Portland ice cream shops usually open with optimism, then quickly melt into soup stands. The new Salt & Straw has not been tested by Oregon’s 10-month winter, but judging by late-summer lines more typical of rock shows than ice cream shops all signs point to something more than a passing scoop. Cousins Kim and Tyler Malek tapped the local spirit of craft and collaboration, went their own flavor-crazy way, and are now challenging expectations of what an ice cream parlor might look like: a place that embraces both an iPad cash register and a vintage waffle iron that stamps out made-to-order cones. Each scoop is wildly different, bulging with luxurious texture, daring combinations, and an unmistakable taste of place, perfumed with Steven Smith’s Teas, a changing tap of local beers, Olympic Provisions meat, and chocolate “chips” from budding bean-to-bar stars Woodblock Chocolates. Limited-edition batches are in the works, like a holiday combo of fresh pecans, molasses, and celebratory shots of Oregon’s Stonebarn whiskey. How far will the Maleks push to redefine ice cream on our turf? Bone marrow–and–smoked cherry is already a hit. “I just have to get used to foie gras in ice cream,” says Kim. “Tyler says, ‘Get over it.’” 2035 NE Alberta St;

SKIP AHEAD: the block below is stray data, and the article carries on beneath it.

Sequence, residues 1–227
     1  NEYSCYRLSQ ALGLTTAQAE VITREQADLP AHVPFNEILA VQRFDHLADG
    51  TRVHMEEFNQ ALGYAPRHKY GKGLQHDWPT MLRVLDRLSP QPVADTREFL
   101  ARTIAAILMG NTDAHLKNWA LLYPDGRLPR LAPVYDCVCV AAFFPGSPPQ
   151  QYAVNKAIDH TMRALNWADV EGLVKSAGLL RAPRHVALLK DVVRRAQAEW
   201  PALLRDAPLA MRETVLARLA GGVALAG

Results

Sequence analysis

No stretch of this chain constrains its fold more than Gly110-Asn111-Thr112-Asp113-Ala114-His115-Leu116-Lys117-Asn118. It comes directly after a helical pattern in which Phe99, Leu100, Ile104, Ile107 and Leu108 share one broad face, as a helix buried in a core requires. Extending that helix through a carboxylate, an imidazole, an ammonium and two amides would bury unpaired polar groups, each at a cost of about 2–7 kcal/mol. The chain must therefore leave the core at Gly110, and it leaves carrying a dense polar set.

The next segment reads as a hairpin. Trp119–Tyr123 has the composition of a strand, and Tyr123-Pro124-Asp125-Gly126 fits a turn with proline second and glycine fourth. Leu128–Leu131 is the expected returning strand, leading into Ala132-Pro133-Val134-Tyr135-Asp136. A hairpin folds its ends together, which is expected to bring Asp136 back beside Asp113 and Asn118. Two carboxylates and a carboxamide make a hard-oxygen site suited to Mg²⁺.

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Salt & Straw

Eat: Homemade almond brittle with salted ganache, Stumptown single-origin coffee with local cocoa nibs, Li’l Smoky Sundae (sea salt and handmade caramel ice cream, slivers of fermented black garlic, whipped cream, burnt caramel sauce, and smoked bourbon cherry)


Rock-’n’-Roll Ramen